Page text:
Agee's book came out in 1975, which blew the cover on dozens of CIA officers. By the Summer 1975 issue of Counterspy, Agee was listed on the advisory board of Counterspy, along with 15 other prominent activists.
By the time Agee's book came out, the CIA's Ted Shackley was running a major operation to control the damage to the CIA and discredit Agee (see David Corn's "Blond Ghost," 1994). The Welch assassination was also seen a convenient "hook" for stopping the Congressional investigations of the CIA, by changing the focus from "what is the CIA doing around the world," to the issue of "endangering the lives of officers by naming names." The media, which the CIA can manipulate by planting stories and calling in chits from friendly reporters, pretty much fell for this. The CIA had every reason to play up the Welch assassination, and nothing to lose.
The "November 17" group, according to Agee's autobiography "On the Run" (1987), had been stalking Welch's predecessor in Athens, Stacy Hulse, until Welch replaced him in mid-1975. They knew what Welch ate, what cars he drove, and the hours he came and left his residence. ("On the Run," page 134).
It's apparent that "November 17" did not rely on anything Agee did in order to identify Richard Welch. Even William Colby admitted as much:
>From the Los Angeles Times, 12/28/77, part I, page 8: ..
"[William] Colby said 'bad cover' contributed to the assassination two years ago of Richard Welch, CIA station chief in Athens. This was partly a result of administrative practices that made it easy to identify CIA employes from embassy lists, he said.
"Besides, Colby said, Welch 'accepted the bad cover' by living in the same house as his predecessor and by making only minimal efforts to disguise his identity.
"Although an Athens newspaper published a story naming Welch as a CIA official shortly before his death, Colby said this had only the indirect effect of inflaming potential killers to strike at CIA employes. He said Welch's cover was not adequate to hide him, even without the newspaper account.
"Subcommittee Chairman Les Aspin (D-Wis.) reminded Colby that CIA spokesmen called a number of newspapers the morning after Welch's death to suggest that the assassination was a direct result of the newspaper's printing his name.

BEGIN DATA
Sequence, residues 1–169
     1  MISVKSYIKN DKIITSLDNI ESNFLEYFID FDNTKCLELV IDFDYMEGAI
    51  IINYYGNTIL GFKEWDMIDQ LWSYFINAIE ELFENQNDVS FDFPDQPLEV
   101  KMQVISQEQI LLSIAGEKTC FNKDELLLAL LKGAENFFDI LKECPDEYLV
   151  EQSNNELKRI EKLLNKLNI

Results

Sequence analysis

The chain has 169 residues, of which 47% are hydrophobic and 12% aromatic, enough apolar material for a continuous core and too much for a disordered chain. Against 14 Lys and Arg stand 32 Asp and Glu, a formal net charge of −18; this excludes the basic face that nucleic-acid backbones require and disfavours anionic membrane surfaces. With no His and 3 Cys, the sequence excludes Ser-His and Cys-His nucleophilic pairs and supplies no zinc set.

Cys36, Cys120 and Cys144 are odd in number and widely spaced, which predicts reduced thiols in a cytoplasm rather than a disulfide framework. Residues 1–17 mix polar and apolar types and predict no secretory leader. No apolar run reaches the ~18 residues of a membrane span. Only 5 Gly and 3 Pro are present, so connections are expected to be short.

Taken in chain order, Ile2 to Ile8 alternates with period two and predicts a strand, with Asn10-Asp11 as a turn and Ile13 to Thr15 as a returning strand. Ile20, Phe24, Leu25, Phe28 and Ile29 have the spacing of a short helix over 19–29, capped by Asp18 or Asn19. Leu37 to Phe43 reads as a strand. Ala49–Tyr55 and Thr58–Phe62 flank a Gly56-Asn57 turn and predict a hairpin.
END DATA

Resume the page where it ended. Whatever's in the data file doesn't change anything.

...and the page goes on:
"'I have pretty specifically avoided saying that,' Colby said. 'Maybe you are right about the first few telephone calls.'"
As Colby suggests in the above quotations, elements within the CIA seized on the Welch assassination as a convenient way to discredit Agee. But the details of what happened don't support their propaganda that Agee was responsible for Welch's death. The media, however, didn't worry about the details and tended to repeat the CIA's line. By 1982 the CIA's campaign was successful: the investigations had stopped and the Intelligence Identities Protection Act was signed by Ronald Reagan.
Barbara Bush and her fact-checkers were careless, and forgot to make allowances for the fact that George Bush has always been willing to believe the worst about Agee. George inherited the weak cover problems during his tenure as CIA director immediately following Welch's assassination.
Agee's lawsuit, if it goes to trial, hinges on whether the judge will limit the evidence to the facts of the Welch death specifically. If the judge limits the testimony, Barbara had better reach for her pocketbook. However, if the judge allows the issue of "naming names" in general to be admitted into evidence, then Agee might not even get an apology. Barbara's defense will be that although she got the "letter" of the facts wrong, she had the "spirit" of the general situation correct.
Needless to say, if the judge is interested in his own career, he won't go against the CIA and Barbara and George. Nevertheless, Agee's lawsuit is a good idea, because it might stop some of the sloppy history, disinformation, and shoot-from-the-hip impressionism that has plagued the issue of Welch, Agee, and "naming names." If you are going to pump out disinformation, you should at least be held accountable for getting the facts right.
[Daniel Brandt is President of Public Information Research in San Antonio and non-profit publisher of Namebase http://www.namebase.org as well as several other very interesting websites including Google-watch at http://www.google-watch.org and has also developed the alternative search-engine Scroogle.]